Look and Be Good

This recent NY Times article that describes how young women in New York are dressing for themselves, and not the male gaze, was of interest to me and drew considerable backlash from readers who wrote that just because a woman dresses femininely does not mean 1) she is not a feminist and 2) that she is inviting the male gaze.  Right.  We knew that, didn’t we? And the irrepressible Jennifer Weiner wrote about the pressure to look good in an article that underscores what many women feel is a cultural imperative to keep up appearances.  

A couple of weeks ago, a recent honors college alumna, who has started her career in New York City, wrote to ask for dress for success tips because, as as she wrote in her email, “You always look ready for the day.” That made me smile.  Her inquiry also made me reflect on the many confusing messages that women, particularly our young women just starting out in the world, receive regarding looking good.  These messages range from presenting themselves in hyper-sexualized ways (the Kardashian effect) to paying no regard whatsoever to how they look, lest they seem “frivolous” or actually covering up (wearing winter clothes in summer – see the first article).  

How about some middle ground — looking appropriate and comfortable all while staying within the dress code of wherever you are and within your own personal style comfort zone?  There is nothing vain about wanting to look your absolute best. Wash your face, style your hair off your face, and find a look that makes you feel comfortable and the way you want to look. Most of us want to dress professionally and maybe a tad stylishly, too without spending all day and night on it.  Over the years, as I taught introduction to communication, I tried to impart to my students that a neat and clean look and the tendency to dress up a bit will almost always serve them well.  But John Molloy’s 1980s “Dress for Success” advice is quite a bit dated now.  The padded shoulders and men-style suit dressing are not required for women in the workplace anymore.  So here’s my advice for young women joining the workforce and thinking about their look:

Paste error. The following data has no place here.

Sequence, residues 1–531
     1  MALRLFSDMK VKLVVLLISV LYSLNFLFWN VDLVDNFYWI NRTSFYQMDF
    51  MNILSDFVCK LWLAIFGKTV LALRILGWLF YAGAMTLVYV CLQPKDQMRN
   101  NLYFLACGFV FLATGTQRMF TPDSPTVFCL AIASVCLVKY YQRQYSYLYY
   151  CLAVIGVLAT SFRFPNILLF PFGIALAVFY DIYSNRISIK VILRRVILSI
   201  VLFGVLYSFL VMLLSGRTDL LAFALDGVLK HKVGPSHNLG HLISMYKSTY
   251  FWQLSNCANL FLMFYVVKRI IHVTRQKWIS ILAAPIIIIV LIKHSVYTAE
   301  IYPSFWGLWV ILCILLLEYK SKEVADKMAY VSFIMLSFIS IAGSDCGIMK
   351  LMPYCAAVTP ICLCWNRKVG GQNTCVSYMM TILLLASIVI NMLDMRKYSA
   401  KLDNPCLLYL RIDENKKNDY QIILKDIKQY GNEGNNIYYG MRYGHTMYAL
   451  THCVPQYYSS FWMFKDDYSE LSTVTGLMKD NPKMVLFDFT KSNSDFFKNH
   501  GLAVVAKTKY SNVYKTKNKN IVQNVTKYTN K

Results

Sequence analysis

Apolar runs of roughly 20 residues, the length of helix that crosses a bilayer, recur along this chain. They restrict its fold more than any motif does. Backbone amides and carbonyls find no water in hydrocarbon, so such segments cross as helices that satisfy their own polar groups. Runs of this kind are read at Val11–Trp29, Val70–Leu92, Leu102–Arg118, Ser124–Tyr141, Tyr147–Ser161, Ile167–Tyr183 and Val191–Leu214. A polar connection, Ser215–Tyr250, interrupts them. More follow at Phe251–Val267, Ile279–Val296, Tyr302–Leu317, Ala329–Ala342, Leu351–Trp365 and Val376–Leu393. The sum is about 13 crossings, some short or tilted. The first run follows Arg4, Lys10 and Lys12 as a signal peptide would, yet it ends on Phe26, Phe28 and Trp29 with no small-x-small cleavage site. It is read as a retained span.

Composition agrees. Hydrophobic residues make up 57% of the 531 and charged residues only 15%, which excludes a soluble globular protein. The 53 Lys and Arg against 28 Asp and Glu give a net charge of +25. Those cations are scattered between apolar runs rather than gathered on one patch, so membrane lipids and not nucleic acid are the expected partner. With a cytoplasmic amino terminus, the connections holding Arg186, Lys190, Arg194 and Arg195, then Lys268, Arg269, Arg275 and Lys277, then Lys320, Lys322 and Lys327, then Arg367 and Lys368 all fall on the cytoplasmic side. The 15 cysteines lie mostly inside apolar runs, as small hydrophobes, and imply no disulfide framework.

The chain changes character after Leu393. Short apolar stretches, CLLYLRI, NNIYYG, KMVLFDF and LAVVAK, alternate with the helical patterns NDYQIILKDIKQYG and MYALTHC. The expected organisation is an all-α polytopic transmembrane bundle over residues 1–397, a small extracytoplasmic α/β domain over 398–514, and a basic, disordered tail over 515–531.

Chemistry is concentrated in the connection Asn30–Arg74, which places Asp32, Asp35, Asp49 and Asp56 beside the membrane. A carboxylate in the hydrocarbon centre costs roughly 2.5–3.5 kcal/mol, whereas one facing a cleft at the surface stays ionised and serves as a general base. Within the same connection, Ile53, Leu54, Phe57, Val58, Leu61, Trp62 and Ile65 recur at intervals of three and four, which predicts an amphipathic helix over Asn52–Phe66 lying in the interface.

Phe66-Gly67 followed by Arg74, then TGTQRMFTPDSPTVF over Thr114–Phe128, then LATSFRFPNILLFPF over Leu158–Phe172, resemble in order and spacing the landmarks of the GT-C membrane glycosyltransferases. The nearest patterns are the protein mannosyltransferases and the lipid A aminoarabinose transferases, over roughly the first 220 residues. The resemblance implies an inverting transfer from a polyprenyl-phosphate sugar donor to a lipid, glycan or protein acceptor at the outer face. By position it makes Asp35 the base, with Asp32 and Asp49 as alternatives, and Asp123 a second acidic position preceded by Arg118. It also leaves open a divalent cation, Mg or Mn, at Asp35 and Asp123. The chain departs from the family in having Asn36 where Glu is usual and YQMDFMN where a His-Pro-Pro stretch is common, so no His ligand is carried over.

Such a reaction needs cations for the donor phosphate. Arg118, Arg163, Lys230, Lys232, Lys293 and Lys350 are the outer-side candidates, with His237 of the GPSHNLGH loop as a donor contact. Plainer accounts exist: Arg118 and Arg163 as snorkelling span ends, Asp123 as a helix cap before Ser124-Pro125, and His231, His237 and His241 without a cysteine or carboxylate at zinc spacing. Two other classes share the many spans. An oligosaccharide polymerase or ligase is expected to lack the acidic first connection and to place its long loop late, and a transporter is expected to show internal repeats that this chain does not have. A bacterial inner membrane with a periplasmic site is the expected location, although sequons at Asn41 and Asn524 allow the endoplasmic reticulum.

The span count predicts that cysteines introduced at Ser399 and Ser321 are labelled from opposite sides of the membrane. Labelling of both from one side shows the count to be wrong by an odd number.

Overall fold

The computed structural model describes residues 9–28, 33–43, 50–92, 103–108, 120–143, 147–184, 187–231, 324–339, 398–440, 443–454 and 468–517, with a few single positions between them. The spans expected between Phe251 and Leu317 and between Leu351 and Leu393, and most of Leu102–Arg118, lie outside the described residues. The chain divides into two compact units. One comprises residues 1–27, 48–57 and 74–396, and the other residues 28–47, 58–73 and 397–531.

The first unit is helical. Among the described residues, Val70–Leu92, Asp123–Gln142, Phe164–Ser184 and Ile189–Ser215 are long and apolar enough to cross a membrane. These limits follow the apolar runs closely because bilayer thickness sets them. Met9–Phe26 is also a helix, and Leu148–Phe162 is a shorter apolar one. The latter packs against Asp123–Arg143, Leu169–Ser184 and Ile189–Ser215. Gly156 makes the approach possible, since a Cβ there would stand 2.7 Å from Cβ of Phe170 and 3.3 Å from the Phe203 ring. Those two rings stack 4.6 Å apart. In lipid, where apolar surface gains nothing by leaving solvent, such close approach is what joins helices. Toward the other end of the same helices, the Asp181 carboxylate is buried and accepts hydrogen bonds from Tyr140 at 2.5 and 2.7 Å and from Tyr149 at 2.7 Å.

1.  Wear clothes that you like and feel comfortable wearing that are within any kind of company dress code

2. Avoid anything sexy

3.  Almost anything can be made work appropriate if you add a jacket so buy at least three well-fitted all season jackets to start:  black, beige or grey and a bright color (maybe red or whatever looks good on you).  Since I work for Penn State, am a proud Penn Stater and I love blue, I have a few great navy jackets and I wear them a lot!

4. Solid color dresses/skirts/pants are great  Simple recipe:

     —(A simple dress, with a simple jacket plus a scarf and voila — you look darn good!)

5.  Black pants are a must 

6. Have one full skirted (or pant — whichever you prefer) suit in navy or black that looks good on you

— buy a couple of solid color modestly cut “shells” to go underneath — white and beige will go far

7. Scarves   –they are inexpensive and add a lot to your outfits –  buy them in every color/print/style

8.  Buy a nice trench coat


9. Too-thin knit wear (unless it is a blouse under a jacket)

10. Short skirts (save them for the tennis court) or a night out

11. Open toe shoes — peep toe is OK but sandals just don’t look professional in the office, especially when you are just starting out, no flip flops and keep the heel height of shoes under 3″.

12.  Looking sexy — cover up — I know!  I’m going to say it again!

13. Hair in your eyes

14. Too much make up, especially as you get older — less is more!  Lipstick and mascara are probably enough for work

And none of this “dress for success” matters if you don’t know your job well or you are unprepared.  So study, be sharp, get as many credentials as you can (research shows women need more than men just to break even) and be prepared and do the absolute best job you can for your organization.  Knowing you did your best is the greatest reward and will always make you “look good” to the person who matters the most:  yourself.